Sunday, August 18, 2013

In Progress

I was hoping to be done with this by now, but then again, a work in progress is better than not working at all.

I often use the Macbook Pro to show my reference photos...I'd rather do it this way than print the images. Alternatively, I would much rather work from life, but that is for another post.

When you paint, how do you work? Do you include technology, work from photos, only work from life, drink Monster Energy? I would love to know how you work.

- Cheers

Friday, August 16, 2013

Energy Sucking

Are there things sucking the energy out of your life and keeping you from creating? A job, friends, family, the Internet? Dealing with energy suckers is part of being a creative. I have let the energy suckers almost kill my passion for art and photography.

Wether you are a painter, writer, photographer, athlete, musician, teacher, factory worker, etc, it doesn't matter. External pressures and interruptions cause the energy to be sucked right out of you. More importantly, these things can suck the energy out of you right when you are on the verge of doing something about those dreams you have (or had). 

Dealing with the energy suckers is paramount to balancing life with following a dream. If you must go to work (because the dream you are chasing does pay enough yet), find time when you are not at work to do that thing you are passionate about. Treat your time off the regular job, as a job, and carve out time in the day to follow your dreams. Be sure to have down time too, following your dream doesn't mean you have to give up your social life. 

If all of this sounds like common sense, it should. Remember, you will always be were you are at, if you never start taking steps to get where you want to be. Carving out time to follow your dreams will build your energy up to help keep the energy suckers from sucking the life out of your dreams. Eventually, you may stop doing things that used to suck the energy out of you altogether (television is a good example), your daily routine will be reduced to the things that you truly find important and productive. 

The energy will build, and the dream will become reality...the energy suckers will always be there. However, you will have the mindset to continue on the path of following your dreams, and will have the tools to deal with them in order keep moving in the right direction.

Dream big - create - and live your life

Monday, August 12, 2013

Slow to Start - Where is the Drive?

Resistance keeps us from doing the things we love. It may be that we are busy, or laziness, procrastination, or just that overwhelming feeling that keeps us from doing the things we love. 

Over the years I have let these things defeat me as an artist. Almost to the point of giving up. Just look at the post dates here on the blog. As a fine artist I have been defeated by the notion of not making enough money to support my family, cover health expenses, and plan for retirement. I make a great deal of money at a "job" that I don't hate, but does get in the way of my productivity.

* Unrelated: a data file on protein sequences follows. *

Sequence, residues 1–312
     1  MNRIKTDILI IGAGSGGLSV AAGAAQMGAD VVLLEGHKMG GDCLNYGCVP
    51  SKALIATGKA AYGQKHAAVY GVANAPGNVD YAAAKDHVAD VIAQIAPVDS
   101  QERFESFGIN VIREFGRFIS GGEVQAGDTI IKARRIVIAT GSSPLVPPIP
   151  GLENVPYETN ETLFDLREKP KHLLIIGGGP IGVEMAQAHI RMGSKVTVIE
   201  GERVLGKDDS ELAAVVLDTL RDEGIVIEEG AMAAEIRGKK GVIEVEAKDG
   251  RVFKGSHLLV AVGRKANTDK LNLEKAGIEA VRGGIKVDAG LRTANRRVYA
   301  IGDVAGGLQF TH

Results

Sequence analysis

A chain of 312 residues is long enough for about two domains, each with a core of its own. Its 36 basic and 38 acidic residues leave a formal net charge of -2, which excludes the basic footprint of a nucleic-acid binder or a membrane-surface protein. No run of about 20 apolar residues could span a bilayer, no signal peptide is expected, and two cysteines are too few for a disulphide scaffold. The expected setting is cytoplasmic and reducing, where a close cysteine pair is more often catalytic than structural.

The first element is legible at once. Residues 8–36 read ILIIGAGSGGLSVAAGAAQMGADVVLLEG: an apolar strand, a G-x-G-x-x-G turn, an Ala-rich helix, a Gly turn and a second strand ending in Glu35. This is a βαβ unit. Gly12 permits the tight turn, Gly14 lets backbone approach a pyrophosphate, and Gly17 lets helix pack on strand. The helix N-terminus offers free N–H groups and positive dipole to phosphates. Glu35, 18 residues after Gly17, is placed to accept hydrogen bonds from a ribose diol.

Today, at this very moment, I am exhausted and frustrated. I am too tired to produce art, and it is frustrating me that I have not been a productive artist in years. Many of you know I have been working as a photographer, blogging for my personal project (The Thirsty Muse), which I enjoy both, and intend to continue. But what does this mean for my art? Is there enough time to be a painter, photographer, writer, teacher, and full time employee while balancing my family life?

The economy may have killed the market, and we may all blame anything to feel better about why we have "given up" on our art...or just ceased to create. The blame lies with us, it is our fault. If we love it, and it makes us happy, then what are waiting for? Who cares if we make a living selling the art, does that make us any less professional than the whore of an artist who creates terrible art but makes a living from it? And let us be honest, our ideas of "making a living" are subjective. In Ohio, I can sell less than someone who lives in New York City to make a living. The 20-something, dirty, sloppy artist willing to live on nothing but sell his art on the street can live on less. If you want $300,000 per year from your art, then make that a goal. However, I suggest you do the art for your soul, not the money.

Don't let resistance kill your drive. Don't let money be the driving force to your artistic career...remember why you picked up a brush and started in the first place. Yes, it is a slow start, but I am sure the drive is still there; it is just buried in the daily crap we all have to deal with.

In the months to come, I hope to get back to sharing my artistic journey on this blog. Between this blog, the Warth Photo blog, and the thirsty muse, I expect to be writing a lot! Feel free to come visit me on my other blogs too. My creativity is all linked, and makes me the artist I am today.

Go have a great day, make the best of it, and produce something!